Friday, March 18, 2016

Hernandez v. Restoration Hardware: Objecting Class Member Lacks Standing to Appeal Class Action Judgment

Hernandez v. Restoration Hardware, Inc. (Cal.App. 3/15/16), is not an employment law case, but it deals with attorney fees after trial, and people doing class action work should know about it.

In Hernandez, the trial court found Restoration Hardware liable for violating the Song-Beverly Credit Card Act (Civ. Code section 1747.08) and assessed a penalty of $30 per violation, for a maximum total of approximately $36 million. The parties stipulated that this amount would be treated as a common fund, inclusive of fees and costs, and that class members filing claims would receive an amount equal to $30 per violation, less a prorated share of attorney fees and costs.

Plaintiff's counsel then asked for an attorney fee award of 25%, or $9 million, to be paid from the common fund. Francesca Muller, a class member, asked the court to order notice of the attorney fee motion be sent to all absent class members. The court denied the request, granted the attorney fee motion, and entered judgment. The Court of Appeal dismissed Muller's appeal, holding as follows:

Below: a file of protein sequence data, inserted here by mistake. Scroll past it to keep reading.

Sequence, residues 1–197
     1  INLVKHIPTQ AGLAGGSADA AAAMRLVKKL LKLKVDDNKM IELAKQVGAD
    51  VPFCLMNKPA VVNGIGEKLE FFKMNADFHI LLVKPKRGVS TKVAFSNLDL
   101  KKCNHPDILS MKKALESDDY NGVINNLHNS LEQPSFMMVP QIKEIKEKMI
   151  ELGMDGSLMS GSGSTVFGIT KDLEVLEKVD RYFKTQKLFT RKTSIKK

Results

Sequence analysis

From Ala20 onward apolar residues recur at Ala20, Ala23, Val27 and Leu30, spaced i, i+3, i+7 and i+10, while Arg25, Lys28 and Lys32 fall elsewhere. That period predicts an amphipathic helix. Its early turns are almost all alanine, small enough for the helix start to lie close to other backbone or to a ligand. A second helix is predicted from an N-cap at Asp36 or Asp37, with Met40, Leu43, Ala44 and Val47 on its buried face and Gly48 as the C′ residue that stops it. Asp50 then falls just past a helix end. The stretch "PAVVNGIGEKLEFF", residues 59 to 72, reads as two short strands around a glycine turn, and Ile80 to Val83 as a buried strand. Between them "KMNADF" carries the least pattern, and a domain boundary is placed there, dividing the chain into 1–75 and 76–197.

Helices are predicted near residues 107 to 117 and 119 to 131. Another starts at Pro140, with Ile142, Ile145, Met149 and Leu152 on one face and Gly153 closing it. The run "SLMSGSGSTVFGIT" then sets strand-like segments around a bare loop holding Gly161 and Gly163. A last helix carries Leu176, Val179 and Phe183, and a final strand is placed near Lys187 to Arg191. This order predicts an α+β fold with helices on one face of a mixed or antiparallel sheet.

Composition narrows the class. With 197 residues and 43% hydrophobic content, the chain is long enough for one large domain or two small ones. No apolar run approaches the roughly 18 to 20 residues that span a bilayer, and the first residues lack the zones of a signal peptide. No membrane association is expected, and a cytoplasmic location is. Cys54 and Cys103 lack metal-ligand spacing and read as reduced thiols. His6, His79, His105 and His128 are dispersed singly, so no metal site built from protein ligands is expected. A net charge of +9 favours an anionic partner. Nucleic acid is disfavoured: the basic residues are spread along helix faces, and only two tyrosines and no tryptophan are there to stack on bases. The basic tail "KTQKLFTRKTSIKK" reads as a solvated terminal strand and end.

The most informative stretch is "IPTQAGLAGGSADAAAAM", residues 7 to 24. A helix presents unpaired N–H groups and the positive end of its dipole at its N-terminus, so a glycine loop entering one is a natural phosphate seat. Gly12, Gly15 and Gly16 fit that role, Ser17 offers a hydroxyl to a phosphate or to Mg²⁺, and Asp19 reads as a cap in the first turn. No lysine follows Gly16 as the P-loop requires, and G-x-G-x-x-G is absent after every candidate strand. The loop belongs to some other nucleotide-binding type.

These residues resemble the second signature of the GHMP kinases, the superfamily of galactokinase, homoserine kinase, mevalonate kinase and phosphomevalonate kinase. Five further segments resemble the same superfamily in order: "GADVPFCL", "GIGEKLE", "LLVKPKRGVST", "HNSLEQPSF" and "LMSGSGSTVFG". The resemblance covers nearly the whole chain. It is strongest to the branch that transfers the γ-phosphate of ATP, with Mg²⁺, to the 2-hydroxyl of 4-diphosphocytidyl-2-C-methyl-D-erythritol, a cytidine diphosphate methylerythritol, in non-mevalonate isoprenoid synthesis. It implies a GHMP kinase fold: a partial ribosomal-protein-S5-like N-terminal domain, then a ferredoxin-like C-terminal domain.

Only a "party aggrieved may appeal" from a judgment. Civ. Code section 902. To appeal, Muller must have been both a party of record and aggrieved by the judgment. Although unnamed class members may be deemed parties for the limited purposes of discovery, they do not stand on the same footing as named plaintiffs and are not otherwise considered parties to the litigation. Muller was not a party to the action, took no steps to become a party to the action, and could not maintain her appeal.